The Pulitzer Center education team invites educators to watch this on-demand webinar for a presentation with Dr. Seema Yasmin on navigating reporting on the COVID-19 pandemic.
Students analyze reporting on COVID-19 and historical research on The Black Death to evaluate sources, pandemics, and underreported stories—then imagine underreported stories from The Black Death.
This lesson sharpens literacy skills through analysis of underreported stories. Students interview children around the world about their experiences during the pandemic and make connections.
Students use descriptive statistics to create data visualizations for underreported stories about the impacts COVID-19, then reflect on their graphic journalistically, mathematically, and personally.
Students analyze impacts of the pandemic on different groups of people. They create reports to highlight community members who are helping combat the impacts of COVID-19 in their own communities.
Students evaluate news stories about COVID-19 in the U.S. and reflect on the pandemic's impact in their own communities, then brainstorm in order to create art that inspires hope in their...
Students evaluate underreported news stories and other sources to prepare and conduct debates on pressing issues that matter to them.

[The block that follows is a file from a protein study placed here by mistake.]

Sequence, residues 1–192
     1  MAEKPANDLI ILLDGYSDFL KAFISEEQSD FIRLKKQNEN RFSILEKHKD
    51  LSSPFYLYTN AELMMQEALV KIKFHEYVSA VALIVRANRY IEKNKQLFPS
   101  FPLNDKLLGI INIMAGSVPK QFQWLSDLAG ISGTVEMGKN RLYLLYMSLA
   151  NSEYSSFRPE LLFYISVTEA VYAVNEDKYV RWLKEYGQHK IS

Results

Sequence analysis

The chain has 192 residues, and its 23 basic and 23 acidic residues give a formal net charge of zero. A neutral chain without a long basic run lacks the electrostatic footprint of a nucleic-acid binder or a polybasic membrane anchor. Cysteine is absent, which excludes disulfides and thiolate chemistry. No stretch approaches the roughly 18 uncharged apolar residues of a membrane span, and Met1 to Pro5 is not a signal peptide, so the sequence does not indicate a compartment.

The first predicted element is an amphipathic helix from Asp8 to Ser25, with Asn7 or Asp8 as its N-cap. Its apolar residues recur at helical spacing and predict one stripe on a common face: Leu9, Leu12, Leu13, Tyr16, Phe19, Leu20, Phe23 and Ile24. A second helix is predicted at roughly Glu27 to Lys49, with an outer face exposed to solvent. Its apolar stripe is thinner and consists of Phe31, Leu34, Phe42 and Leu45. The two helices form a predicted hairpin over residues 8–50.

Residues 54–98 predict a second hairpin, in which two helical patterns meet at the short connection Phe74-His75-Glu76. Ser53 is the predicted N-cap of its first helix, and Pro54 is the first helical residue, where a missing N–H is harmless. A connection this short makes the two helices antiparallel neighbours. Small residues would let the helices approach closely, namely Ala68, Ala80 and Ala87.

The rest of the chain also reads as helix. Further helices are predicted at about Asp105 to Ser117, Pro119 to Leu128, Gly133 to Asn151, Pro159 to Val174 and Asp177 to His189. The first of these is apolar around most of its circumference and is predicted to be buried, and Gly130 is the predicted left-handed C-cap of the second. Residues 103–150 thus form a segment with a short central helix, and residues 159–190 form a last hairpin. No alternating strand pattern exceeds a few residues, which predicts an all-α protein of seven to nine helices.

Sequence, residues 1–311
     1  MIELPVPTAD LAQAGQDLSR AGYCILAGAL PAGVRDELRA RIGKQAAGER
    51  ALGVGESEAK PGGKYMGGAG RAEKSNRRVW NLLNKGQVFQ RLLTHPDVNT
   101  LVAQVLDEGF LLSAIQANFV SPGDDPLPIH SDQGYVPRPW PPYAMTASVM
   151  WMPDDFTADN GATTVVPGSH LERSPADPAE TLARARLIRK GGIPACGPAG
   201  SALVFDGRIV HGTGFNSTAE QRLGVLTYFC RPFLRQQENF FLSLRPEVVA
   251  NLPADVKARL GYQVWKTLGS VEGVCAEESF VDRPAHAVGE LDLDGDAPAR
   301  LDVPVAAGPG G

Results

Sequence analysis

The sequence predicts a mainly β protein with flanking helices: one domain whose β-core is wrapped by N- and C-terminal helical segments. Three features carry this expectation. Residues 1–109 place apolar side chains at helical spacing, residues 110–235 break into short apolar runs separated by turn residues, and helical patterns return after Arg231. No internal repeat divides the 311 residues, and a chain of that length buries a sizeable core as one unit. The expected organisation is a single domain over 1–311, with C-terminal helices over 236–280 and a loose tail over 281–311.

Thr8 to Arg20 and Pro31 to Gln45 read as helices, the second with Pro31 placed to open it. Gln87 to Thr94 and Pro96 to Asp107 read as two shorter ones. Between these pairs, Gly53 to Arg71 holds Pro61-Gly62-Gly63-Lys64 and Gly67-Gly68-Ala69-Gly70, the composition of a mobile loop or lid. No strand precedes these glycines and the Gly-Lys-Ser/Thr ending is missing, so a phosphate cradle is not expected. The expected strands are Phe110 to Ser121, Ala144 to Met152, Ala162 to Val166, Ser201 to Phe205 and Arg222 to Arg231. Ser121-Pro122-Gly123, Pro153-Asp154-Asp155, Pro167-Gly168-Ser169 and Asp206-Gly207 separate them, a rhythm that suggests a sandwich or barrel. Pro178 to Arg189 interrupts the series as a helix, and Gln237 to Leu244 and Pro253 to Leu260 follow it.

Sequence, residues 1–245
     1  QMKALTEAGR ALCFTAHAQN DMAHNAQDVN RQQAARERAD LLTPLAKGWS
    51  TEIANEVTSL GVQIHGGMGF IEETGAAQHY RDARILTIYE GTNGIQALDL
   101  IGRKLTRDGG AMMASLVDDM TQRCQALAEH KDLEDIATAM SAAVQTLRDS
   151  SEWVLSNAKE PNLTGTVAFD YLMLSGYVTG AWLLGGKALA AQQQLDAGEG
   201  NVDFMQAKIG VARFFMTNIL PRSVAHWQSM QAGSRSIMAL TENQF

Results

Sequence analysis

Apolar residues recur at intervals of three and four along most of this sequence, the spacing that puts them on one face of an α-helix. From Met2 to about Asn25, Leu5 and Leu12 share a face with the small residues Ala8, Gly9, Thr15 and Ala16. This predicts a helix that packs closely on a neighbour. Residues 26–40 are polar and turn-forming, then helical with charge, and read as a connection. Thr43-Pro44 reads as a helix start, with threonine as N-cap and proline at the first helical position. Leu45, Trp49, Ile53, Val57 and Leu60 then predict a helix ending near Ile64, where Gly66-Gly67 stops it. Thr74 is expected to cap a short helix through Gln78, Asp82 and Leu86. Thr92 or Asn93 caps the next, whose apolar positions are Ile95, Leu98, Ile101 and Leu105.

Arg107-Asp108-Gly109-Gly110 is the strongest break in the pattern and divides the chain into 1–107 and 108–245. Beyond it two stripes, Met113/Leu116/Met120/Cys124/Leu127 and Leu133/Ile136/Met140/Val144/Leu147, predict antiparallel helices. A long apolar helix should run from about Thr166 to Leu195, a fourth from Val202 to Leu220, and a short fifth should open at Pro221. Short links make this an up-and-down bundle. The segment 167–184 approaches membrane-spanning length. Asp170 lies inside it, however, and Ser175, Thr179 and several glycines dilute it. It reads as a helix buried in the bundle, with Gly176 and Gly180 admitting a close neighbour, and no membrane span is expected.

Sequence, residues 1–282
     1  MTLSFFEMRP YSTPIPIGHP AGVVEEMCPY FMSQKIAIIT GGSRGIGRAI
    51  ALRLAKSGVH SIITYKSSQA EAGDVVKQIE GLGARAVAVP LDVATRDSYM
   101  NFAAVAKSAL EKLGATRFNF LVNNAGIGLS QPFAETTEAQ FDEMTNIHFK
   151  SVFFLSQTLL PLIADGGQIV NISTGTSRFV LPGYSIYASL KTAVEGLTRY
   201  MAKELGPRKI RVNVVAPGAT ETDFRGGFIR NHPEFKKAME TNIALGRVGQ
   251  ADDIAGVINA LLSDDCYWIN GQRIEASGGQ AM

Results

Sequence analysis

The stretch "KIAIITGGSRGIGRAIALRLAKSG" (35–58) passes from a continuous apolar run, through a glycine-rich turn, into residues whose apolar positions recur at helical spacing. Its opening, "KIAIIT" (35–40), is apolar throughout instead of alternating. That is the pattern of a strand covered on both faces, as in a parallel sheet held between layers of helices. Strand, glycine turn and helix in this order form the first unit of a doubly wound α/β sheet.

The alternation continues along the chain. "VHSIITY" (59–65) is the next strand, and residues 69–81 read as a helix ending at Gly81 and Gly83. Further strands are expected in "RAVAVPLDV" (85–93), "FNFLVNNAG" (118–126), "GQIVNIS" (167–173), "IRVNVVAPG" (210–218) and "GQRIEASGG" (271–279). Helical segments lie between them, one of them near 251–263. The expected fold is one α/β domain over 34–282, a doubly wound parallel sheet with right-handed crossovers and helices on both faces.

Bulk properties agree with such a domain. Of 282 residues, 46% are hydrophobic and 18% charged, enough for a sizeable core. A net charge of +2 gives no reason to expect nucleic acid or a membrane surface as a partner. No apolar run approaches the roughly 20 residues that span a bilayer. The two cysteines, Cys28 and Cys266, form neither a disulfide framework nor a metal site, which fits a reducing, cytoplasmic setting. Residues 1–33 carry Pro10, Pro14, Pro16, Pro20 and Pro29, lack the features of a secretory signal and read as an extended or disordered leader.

Students analyze news stories on the COVID-19 pandemic and practice photojournalism skills to compose photo stories on the impacts of the pandemic and elections in their communities.
In this lesson for ELA classes, students reflect on how identity and community have been affected by COVID-19, and the role of media in times of crisis.
Students analyze news stories about the impacts of COVID-19 throughout the world, make connections to reporting, and compose community maps to document how their communities are impacted by COVID-19.
This conversation-based unit guides students in telling fuller truths about marginalized people's experiences and struggles for justice by centering stories of joy.
Students investigate how governments fund policing and how police use their budgets, and communicate facts and personal perspectives on police funding through digital zines.
Students will use journalism sources to understand sickle cell disease, identify injustices that people with sickle cell face, and create art to bring awareness to the disease and related injustices.